The Independent, 31 May 2019
Two singers stood out... the bass Joshua Bloom stole the show with a combination of charisma and a voice almost too big for the auditorium.
Simon Heffer, The Telegraph, 16 June 2019
Bloom's bass is a resplendent one, and his mastery of comic business was absolute.
George Hall, Opera Magazine, August 2019
Richard Ayres's The Garden
London Sinfonietta, Queen Elizabeth Hall, April 2019
It was superbly performed, with the solo bass Joshua Bloom playing all the roles with virtuoso flair (and sometimes using a vocoder to change the timbre of his voice)
Andrew Clements, The Guardian, 18 April 2019
As sung, spoken and emoted by the versatile bass Joshua Bloom
Richard Morrison, The Times, 18 April 2019
Bloom rose splendidly to the considerable challenges, dramatic as well as musical, of the solo part
Keith Potter, Opera magazine, July 2019
Leporello in Don Giovanni
Palm Beach Opera, February 2019
Andrei Bondarenko and Joshua Bloom as respectively the Don and his servant make a memorable pair, jousting with each other as well as with the other characters. Leporello’s ‘Catalogue’ aria is terrifically staged and sung, Bloom’s huge, deep voice combining with superb comic timing as he hands one folder after another to the astonished Donna Elvira.
David M Rice, Classical Source, 22 February 2019
Towering physically and vocally over the others was Joshua Bloom’s imposing performance of Giovanni’s sidekick and alter ego, Leporello. Bloom’s glorious bass sound and strong stage presence made the famous “Catalogue” aria (an enumeration of Giovanni’s conquests, here accomplished with a typewriter) a highlight early on.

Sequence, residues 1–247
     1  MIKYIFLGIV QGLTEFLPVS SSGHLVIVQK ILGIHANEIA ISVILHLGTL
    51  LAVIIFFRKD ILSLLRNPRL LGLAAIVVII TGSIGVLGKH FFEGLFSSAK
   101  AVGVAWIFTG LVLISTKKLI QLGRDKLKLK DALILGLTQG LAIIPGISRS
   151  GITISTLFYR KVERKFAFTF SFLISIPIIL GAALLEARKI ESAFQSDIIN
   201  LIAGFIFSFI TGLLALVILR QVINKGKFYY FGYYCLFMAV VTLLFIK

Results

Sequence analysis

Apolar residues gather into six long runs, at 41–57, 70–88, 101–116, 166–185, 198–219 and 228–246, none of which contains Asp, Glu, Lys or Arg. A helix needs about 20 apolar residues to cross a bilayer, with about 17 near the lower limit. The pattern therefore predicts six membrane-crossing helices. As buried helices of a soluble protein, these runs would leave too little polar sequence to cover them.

Robert Croan, Palm Beach Daily News, 23 February 2019
London Philharmonic Orchestra, Royal Festival Hall, December 2018, cond. Vladimir Jurowski
Among the soloists, tenor Sam Furness and bass Joshua Bloom stood out in their long, unaccompanied exchange at the work’s centre... Terrific stuff, wonderfully well done.
Tim Ashley, The Guardian, 9 December 2018
Excellent soloists too, and if I pick out tenor Sam Furness and bass Joshua Bloom for special praise, that is only for the quantity of their solo work in a uniformly fine line-up.
Gavin Dixon, The Arts Desk, 10 December 2018
Title role in Le Nozze di Figaro
Garsington Opera, June 2017, cond. Douglas Boyd
Joshua Bloom’s Figaro is equally definitive; he’s just lovable enough, just daft enough, to make you sympathize with his character, and his singing is first rate – angrily blustering without losing the line in ‘Se vuol ballare’ and ‘Aprite un po’ quegli occhi’ and mellifluous in ensemble
Melanie Eskenazi, Music OMH
I have never known a Figaro like Joshua Bloom’s – a gale-force character with a thunderous sound
Michael Church, The Independent
...a wonderfully controlled and methodically crafted Figaro, his huge vocal capacity never once overwhelming his musical intellect. When challenging the Count’s proprietorial assumptions, Bloom’s voice was indignantly resonant; but when, in Act 4, Figaro believed himself duped and betrayed, Figaro was endowed with a credible vulnerability, which tempered Bloom’s sturdy baritone. Bloom has presence, panache and vocal power: a winning triplet
Claire Seymour, Opera Today